Viliams, Vasilii Robertovich

The following article is from The Great Soviet Encyclopedia (1979). It might be outdated or ideologically biased.

Vil’iams, Vasilii Robertovich


Born Sept. 27 (Oct. 9), 1863, in Moscow; died there Nov. 11, 1939. Soviet soil scientist. Member of the Academy of Sciences of Byelorus-sian SSR (1929), academician of the Academy of Sciences of the USSR (1931), member of the Lenin All-Union Academy of Agricultural Sciences (1935), and member of the Communist Party beginning in 1928. Son of a civil engineer.

In 1887, Vil’iams graduated from the Petrovskoe Agricultural Academy (now the K. A. Timiriazev Moscow Agricultural Academy). From 1894, he headed the subdepartment of general agriculture and soil science there (later named the department of soil science), which he directed until his death. From 1922 to 1925 he was the rector of the K. A. Timiriazev Moscow Agricultural Academy. Vil’iams developed the studies of V. V. Dokuchaev on soil, and together with P. A. Kostychev was the initiator of agronomical soil science.

Vil’iams substantiated the leading role of biological factors in soil formation. He established the teaching of minor biological rotations of substances as the basis for the development of soil. In his studies on soil formation he stressed the unity of the development of inorganic and organic nature. Vil’iams connected the development of soils and their properties with fertility. He established agronomical measures according to the conditions of preservation and continuous increase in the fertility of the soil. He worked out the grass-land system of agriculture, the main link of which was field and fodder crop rotation in combination with a correct cultvation of the soil and the application of fertilizers; the system also included use of machinery and the creation of field-protecting forest belts. Vil’iams attached great importance to the organization of territories and the rational usage of arable lands.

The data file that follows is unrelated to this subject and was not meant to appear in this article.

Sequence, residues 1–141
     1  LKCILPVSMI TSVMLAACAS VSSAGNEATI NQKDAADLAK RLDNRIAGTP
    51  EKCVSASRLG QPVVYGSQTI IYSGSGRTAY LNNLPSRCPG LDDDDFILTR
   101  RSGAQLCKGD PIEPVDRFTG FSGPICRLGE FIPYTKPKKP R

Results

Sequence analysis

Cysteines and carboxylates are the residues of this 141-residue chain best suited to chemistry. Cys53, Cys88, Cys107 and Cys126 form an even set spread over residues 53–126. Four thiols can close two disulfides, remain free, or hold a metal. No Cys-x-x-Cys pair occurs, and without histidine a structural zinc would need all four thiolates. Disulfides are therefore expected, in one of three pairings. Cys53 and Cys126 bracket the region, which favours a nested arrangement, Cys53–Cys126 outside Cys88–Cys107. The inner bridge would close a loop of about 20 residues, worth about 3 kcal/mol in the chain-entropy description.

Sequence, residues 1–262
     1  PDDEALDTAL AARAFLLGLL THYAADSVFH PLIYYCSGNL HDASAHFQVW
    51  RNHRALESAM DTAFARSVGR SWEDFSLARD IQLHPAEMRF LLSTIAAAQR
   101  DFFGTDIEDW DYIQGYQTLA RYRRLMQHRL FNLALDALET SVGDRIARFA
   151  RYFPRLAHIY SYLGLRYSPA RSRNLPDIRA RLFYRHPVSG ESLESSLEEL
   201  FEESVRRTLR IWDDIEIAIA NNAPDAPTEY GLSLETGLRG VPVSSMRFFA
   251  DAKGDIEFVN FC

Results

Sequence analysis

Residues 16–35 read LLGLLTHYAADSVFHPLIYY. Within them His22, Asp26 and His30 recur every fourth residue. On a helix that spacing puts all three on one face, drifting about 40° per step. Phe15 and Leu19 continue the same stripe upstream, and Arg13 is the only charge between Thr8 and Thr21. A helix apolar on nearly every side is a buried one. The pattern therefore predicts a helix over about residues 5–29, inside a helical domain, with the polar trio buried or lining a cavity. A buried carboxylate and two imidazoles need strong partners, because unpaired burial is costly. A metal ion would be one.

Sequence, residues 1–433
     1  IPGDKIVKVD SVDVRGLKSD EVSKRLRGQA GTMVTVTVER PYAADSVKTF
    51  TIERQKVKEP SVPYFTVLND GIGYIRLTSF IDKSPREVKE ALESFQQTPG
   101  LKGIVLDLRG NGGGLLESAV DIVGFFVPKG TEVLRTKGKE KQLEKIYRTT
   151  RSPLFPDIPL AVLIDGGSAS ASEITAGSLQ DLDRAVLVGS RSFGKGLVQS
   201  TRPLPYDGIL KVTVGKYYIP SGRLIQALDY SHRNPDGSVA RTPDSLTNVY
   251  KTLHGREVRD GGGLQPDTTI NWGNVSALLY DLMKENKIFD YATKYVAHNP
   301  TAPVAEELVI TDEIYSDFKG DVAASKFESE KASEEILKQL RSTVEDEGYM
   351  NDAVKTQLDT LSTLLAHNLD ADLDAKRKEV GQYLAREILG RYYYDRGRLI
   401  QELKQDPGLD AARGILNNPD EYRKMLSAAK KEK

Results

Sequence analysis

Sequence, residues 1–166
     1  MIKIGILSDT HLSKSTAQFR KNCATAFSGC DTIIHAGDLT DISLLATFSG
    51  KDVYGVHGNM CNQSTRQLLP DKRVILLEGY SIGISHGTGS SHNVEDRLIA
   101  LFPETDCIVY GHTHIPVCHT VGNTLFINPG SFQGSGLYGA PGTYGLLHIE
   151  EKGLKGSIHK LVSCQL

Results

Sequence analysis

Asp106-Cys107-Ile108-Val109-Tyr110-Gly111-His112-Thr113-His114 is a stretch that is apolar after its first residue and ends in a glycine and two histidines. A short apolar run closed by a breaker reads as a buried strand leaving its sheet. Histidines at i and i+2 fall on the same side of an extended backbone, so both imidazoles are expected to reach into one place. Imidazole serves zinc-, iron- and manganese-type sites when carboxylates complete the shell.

Vil’iams’ studies have erroneous theses. He came out against the use of several soil-cultivation implements (the harrow and rolling press). He underestimated winter grains in the southern regions of the European part of the USSR and also proposed the general introduction of a grassland system, exaggerating its significance. Vil’iams advocated the general plowing of grasslands only in late fall.

Vil’iams was a deputy to the first convocation of the Supreme Soviet of the USSR, a member of the All-Russian Central Executive Committee (1928), and a member of the Moscow Soviet (1922). He was awarded the Order of Lenin and two other orders. In 1968 a gold medal named after Vil’iams was established for distinguished scientific work and discoveries in the field of agriculture.


Lugovodstvo i kormovaia ploshchad’, 5th ed. Moscow, 1948. Pochvovedenie. Zemledelie s osnovami pochvovedeniia, 5th ed. Moscow, 1946.
Osnovy zemledeliia, 6th ed. Moscow, 1948. Sobr. soch., vols. 1-12. Moscow, 1948-53.


The Great Soviet Encyclopedia, 3rd Edition (1970-1979). © 2010 The Gale Group, Inc. All rights reserved.